AIBN Special Seminar: Purification of biomolecules using convective chromatography - Assistant Professor Christiana Boi, DICMA, Alma Mater Studiorum, Universita di Bologna
Thursday, 13 September 2012
12:00 pm - 1:00 pm
- ELCX Room, Hawken Engineering (Building 50)
- UQ Location:
Hawken Engineering Building (St Lucia)
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- Full Description:
- Abstract: Affinity chromatography represents one of the most important and widely used unit operations in the biotechnology industry. However, traditional packed bead columns suffer from several limitations such as high pressure drop, slow mass transfer through the diffusive pores and strong dependence of the binding capacity on flow rate. One possible alternative to overcome these drawbacks is represented by convective media columns packed with affinity membrane or monoliths.
This work presents the purification of immunoglobulin G in columns packed with convective media, and discusses the enhanced performance versus packed bead columns. The stationary phases studied derive from the functionalization of membranes and monoliths with natural and synthetic affinity ligands that show high specificity towards IgG.
The affinity materials are completely characterized through adsorption, washing and elution cycles. The separation performance of the affinity supports has been determined by feeding both pure IgG solutions and a cell culture supernatant. Relevant process parameters, such as maximum adsorption capacity, affinity equilibrium constant and selectivity, are evaluated and carefully compared among the different affinity supports. The scale-up of the improved affinity materials for industrial applications is also addressed.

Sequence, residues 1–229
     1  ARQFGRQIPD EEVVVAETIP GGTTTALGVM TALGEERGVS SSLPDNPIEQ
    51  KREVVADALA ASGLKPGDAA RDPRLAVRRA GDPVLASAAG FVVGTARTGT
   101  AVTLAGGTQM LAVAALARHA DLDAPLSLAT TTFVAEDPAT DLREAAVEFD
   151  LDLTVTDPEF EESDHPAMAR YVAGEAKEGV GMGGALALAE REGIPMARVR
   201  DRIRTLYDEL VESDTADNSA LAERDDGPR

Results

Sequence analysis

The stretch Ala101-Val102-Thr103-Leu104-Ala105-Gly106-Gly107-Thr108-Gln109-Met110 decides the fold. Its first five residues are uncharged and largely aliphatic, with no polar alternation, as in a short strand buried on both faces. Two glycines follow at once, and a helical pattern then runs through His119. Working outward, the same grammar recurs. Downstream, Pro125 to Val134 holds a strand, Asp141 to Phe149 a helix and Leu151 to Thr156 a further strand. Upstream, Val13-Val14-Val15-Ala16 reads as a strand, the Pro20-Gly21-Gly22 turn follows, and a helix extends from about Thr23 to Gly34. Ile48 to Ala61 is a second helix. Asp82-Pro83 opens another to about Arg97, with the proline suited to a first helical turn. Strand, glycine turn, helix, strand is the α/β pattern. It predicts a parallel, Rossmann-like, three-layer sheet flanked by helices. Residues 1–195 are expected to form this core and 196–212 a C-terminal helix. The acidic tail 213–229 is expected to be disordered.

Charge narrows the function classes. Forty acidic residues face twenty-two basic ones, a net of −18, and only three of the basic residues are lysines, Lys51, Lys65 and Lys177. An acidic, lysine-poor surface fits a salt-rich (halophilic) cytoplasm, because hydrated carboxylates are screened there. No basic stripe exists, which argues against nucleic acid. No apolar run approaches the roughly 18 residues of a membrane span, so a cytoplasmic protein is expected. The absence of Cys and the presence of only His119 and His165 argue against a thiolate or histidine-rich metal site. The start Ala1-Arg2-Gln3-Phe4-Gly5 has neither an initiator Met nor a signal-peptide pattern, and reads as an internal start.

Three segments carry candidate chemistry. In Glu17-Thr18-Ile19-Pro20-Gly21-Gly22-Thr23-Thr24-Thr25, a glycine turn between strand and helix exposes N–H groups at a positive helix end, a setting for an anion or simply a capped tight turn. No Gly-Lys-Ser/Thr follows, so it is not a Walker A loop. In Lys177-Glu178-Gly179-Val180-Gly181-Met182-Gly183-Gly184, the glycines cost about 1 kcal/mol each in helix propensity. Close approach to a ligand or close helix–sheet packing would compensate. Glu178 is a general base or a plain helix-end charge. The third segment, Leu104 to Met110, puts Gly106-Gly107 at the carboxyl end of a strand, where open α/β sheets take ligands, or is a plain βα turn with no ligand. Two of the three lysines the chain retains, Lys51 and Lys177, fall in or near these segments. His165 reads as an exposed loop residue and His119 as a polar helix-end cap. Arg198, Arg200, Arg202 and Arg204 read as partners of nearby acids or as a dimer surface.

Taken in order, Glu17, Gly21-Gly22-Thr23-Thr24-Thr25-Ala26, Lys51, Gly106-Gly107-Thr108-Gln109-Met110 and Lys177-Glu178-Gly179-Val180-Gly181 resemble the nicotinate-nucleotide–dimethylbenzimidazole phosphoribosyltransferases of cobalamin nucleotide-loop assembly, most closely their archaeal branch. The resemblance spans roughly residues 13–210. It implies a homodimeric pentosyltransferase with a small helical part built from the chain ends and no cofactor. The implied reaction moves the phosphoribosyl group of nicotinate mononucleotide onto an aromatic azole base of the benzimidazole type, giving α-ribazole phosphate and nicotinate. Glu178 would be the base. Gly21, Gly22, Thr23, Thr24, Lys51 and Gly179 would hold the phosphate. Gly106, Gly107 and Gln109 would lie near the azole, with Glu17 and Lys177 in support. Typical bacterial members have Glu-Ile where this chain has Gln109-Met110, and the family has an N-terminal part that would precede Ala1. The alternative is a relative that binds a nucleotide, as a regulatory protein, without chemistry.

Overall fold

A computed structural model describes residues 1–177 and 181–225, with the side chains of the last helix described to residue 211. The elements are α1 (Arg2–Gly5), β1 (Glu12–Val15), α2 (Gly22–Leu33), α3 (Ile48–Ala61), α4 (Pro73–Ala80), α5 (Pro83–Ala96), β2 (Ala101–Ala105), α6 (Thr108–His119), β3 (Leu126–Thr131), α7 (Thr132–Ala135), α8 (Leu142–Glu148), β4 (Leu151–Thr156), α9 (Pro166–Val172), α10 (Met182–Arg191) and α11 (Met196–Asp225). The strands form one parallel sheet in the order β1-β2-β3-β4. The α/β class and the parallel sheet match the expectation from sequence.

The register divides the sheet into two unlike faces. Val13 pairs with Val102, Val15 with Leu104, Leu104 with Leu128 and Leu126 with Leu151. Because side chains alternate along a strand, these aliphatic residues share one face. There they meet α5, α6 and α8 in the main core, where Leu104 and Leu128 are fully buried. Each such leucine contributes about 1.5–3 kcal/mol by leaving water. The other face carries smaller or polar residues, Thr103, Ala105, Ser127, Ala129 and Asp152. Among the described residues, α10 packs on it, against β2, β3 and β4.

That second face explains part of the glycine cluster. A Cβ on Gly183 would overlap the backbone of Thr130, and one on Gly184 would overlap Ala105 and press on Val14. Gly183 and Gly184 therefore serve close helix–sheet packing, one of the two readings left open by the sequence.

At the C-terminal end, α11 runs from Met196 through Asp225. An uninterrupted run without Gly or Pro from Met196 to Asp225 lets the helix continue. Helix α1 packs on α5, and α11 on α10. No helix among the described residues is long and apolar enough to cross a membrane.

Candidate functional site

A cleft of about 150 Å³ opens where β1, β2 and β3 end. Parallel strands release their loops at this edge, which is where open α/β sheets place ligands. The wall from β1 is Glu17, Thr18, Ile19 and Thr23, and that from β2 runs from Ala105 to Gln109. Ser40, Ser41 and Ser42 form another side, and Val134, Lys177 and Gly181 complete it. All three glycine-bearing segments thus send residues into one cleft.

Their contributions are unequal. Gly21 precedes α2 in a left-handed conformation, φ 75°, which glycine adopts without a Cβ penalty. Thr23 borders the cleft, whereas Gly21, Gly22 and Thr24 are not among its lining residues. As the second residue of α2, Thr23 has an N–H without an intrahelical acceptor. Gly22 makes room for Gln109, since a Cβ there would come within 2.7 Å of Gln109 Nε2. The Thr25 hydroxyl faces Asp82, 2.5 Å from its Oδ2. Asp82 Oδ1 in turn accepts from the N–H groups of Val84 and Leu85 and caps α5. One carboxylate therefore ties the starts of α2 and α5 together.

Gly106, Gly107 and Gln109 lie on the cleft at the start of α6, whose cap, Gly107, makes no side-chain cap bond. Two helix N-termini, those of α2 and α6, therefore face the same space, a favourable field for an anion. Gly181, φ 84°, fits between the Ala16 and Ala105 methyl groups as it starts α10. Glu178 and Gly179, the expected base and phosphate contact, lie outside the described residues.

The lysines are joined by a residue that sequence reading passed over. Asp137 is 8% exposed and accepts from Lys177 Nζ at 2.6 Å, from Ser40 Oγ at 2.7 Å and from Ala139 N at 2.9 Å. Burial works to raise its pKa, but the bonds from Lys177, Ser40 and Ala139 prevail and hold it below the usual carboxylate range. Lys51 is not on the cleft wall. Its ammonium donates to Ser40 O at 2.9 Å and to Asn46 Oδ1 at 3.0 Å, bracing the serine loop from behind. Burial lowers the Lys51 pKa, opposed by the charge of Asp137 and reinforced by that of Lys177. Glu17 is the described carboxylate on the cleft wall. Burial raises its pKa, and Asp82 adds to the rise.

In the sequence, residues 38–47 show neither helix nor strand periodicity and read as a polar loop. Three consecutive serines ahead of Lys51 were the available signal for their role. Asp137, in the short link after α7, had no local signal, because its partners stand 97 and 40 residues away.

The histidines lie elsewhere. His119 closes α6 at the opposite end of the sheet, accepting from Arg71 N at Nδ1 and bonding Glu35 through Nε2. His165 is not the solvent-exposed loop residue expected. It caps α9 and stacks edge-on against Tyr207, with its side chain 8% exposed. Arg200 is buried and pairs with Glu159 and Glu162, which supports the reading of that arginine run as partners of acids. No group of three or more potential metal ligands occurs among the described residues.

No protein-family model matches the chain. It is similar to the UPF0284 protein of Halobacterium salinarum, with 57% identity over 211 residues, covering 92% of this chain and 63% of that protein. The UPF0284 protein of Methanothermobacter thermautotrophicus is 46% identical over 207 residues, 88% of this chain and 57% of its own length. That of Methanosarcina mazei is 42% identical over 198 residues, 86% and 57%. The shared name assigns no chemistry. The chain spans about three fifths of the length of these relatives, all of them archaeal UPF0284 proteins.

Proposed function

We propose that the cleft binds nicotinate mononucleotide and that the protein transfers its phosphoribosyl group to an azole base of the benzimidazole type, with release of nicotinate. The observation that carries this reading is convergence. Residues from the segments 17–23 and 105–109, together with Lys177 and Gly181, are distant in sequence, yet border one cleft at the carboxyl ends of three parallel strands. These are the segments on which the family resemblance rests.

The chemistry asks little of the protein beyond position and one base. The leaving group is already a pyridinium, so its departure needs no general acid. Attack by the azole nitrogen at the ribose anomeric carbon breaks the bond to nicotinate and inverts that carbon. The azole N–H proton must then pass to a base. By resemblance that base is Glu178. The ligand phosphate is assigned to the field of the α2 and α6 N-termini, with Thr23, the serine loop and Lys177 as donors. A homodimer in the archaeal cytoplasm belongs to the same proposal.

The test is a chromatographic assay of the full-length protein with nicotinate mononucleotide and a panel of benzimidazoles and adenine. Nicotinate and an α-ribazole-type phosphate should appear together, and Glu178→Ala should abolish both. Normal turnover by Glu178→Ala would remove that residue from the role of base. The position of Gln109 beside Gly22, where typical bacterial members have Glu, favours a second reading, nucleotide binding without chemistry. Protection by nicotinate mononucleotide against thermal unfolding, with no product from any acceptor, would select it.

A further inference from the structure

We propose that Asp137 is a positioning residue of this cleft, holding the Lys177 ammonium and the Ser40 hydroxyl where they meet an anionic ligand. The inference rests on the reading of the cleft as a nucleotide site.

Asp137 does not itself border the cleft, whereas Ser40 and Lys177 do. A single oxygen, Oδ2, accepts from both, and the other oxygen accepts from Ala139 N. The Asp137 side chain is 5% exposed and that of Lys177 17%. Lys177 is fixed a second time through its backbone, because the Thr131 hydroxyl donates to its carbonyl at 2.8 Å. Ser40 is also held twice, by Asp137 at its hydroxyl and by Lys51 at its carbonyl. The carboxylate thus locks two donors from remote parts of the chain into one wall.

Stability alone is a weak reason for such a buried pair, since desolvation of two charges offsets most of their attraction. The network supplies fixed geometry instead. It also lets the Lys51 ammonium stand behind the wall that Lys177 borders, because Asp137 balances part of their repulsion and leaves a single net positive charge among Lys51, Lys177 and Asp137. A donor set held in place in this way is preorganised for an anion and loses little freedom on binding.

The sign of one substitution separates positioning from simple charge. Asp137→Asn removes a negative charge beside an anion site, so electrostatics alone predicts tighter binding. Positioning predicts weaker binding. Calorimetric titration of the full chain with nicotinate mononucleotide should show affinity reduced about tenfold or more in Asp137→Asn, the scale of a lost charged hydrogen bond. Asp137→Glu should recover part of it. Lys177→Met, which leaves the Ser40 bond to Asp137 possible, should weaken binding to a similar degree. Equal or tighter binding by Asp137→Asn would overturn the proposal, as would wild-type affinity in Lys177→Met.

The experimental data collected have been used for the validation of a proposed simulation model. Such chromatographic model is based on species mass balance equation over the convective medium, coupled with a suitable kinetic equation which represents the interaction between the IgG target molecule and the ligand immobilized on the porous support. Model simulations are in good agreement with all of the experimental affinity cycles, demonstrating the accuracy of the model to describe the transport phenomena in the column and the adsorption binding mechanism.
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